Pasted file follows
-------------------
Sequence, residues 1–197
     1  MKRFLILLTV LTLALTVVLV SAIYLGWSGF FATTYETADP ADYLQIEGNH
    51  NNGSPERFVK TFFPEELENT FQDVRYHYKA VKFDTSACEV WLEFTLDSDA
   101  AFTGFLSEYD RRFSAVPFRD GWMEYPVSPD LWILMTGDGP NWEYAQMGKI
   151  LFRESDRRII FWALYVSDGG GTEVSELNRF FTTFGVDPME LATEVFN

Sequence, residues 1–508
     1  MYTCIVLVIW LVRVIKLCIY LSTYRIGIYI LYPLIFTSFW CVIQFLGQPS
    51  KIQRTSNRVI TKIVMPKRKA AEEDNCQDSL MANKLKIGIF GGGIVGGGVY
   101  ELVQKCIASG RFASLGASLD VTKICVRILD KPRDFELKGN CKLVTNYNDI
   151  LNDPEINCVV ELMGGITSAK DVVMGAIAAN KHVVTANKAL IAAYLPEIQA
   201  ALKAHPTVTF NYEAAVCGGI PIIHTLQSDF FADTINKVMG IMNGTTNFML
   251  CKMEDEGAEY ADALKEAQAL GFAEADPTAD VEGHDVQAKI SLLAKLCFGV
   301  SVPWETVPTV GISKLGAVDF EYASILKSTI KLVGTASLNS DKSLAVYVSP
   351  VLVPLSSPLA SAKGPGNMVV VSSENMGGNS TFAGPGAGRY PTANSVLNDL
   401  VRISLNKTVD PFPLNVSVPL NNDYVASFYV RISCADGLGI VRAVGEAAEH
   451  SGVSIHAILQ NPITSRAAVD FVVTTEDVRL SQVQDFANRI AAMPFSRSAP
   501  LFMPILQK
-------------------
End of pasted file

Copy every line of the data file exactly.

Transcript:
Sequence, residues 1–197
     1  MKRFLILLTV LTLALTVVLV SAIYLGWSGF FATTYETADP ADYLQIEGNH
    51  NNGSPERFVK TFFPEELENT FQDVRYHYKA VKFDTSACEV WLEFTLDSDA
   101  AFTGFLSEYD RRFSAVPFRD GWMEYPVSPD LWILMTGDGP NWEYAQMGKI
   151  LFRESDRRII FWALYVSDGG GTEVSELNRF FTTFGVDPME LATEVFN

Sequence, residues 1–508
     1  MYTCIVLVIW LVRVIKLCIY LSTYRIGIYI LYPLIFTSFW CVIQFLGQPS
    51  KIQRTSNRVI TKIVMPKRKA AEEDNCQDSL MANKLKIGIF GGGIVGGGVY
   101  ELVQKCIASG RFASLGASLD VTKICVRILD KPRDFELKGN CKLVTNYNDI
   151  LNDPEINCVV ELMGGITSAK DVVMGAIAAN KHVVTANKAL IAAYLPEIQA
   201  ALKAHPTVTF NYEAAVCGGI PIIHTLQSDF FADTINKVMG IMNGTTNFML
   251  CKMEDEGAEY ADALKEAQAL GFAEADPTAD VEGHDVQAKI SLLAKLCFGV
   301  SVPWETVPTV GISKLGAVDF EYASILKSTI KLVGTASLNS DKSLAVYVSP
   351  VLVPLSSPLA SAKGPGNMVV VSSENMGGNS TFAGPGAGRY PTANSVLNDL
   401  VRISLNKTVD PFPLNVSVPL NNDYVASFYV RISCADGLGI VRAVGEAAEH
   451  SGVSIHAILQ NPITSRAAVD FVVTTEDVRL SQVQDFANRI AAMPFSRSAP
   501  LFMPILQK